Manor House & Gardens
The gardens are open Monday to Friday, 10am - 4pm, 1 April to 30th September. Tickets £5.00 at the estate office.
The manor house is not open to the general public, but it is open for exclusive, private group tours of 15 people or more (pre-booked in advance). If you are a smaller group, and would still like to visit, please contact us directly to see how we can help you. To reach us, please either click here or contact the office on 01453860261 and email@example.com. Thank you.
OWLPEN MANOR, home of Sir Nicholas and Lady Mander and their family of five children (and twelve grandchildren), has long been recognised as one of the most romantic Tudor manor houses in southern England. Set in a picturesque valley among bluebell woods right under the Cotswold hills, it has formal terraced gardens and magnificent yews of the seventeenth century.
The house dates from 1450 to 1616, with careful Cotswold Arts and Crafts repairs of 1926, when the house was saved from ruin after over 80 years of dereliction. Today the interiors contain a series of unique painted textiles and Mander family portraits and collections, as well as a famous collection of Cotswold Arts and Crafts furniture and fittings.
- Magnificent Tudor Great Hall of 1523. Jacobean Solar/Parlour wing dated 1616.
- Elegant early Georgian Little Parlour and doorcase remodelled in 1719.
- The Great Chamber contains unique painted cloth wall-hangings with scenes from the life of Joseph and his brothers, dated about 1700.
- The manor house became a Sleeping Beauty in Victorian times, uninhabited and dwarfed behind enormous yews. It was discovered by the poet Algernon Charles Swinburne who then wrote to William Morris to tell him of this great find, and the house was then finally rescued by the outstanding Cotswold Arts and Crafts architect Norman Jewson in 1926.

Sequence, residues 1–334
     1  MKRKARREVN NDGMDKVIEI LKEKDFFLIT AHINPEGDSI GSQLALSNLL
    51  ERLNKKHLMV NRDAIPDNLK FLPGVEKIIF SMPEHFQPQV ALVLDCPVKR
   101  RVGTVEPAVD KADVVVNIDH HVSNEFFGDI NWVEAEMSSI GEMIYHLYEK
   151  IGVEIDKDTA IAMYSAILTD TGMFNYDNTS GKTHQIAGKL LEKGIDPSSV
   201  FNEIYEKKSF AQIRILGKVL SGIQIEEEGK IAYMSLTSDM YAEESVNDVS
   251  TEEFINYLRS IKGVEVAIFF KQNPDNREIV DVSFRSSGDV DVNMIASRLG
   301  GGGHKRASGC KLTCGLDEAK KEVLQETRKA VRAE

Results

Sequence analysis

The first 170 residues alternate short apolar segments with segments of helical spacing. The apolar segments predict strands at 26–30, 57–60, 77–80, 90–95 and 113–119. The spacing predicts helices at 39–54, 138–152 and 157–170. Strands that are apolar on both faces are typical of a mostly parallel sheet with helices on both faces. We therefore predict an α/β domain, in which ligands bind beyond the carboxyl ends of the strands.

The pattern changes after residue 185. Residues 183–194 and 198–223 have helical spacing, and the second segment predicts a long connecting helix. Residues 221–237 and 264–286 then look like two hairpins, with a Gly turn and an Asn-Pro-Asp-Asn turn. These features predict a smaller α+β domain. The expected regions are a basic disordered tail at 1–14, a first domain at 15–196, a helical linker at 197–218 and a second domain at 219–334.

Owlpen's breath-taking terraced gardens are developed around an early formal garden on a manorial scale. A charming hillside garden is set on seven hanging terraces of the 16th/17th centuries, with magnificent yew topiary, old roses and box parterres. The garden was reordered in the 1720s and is today a historic survival of great interest and rarity.
The "Old English"-style garden was much admired by many of the foremost garden designers of the early 20th century, including Gertrude Jekyll, Sir Geoffrey Jellicoe, Vita Sackville-West, and latterly, Alan Titchmarsh.
There is a circular walk around the early Georgian mill pond and lake, fed by seven springs, believed to represent the medieval stew ponds. The walled kitchen garden is a delightful feature whose produce continues to feed household and restaurant.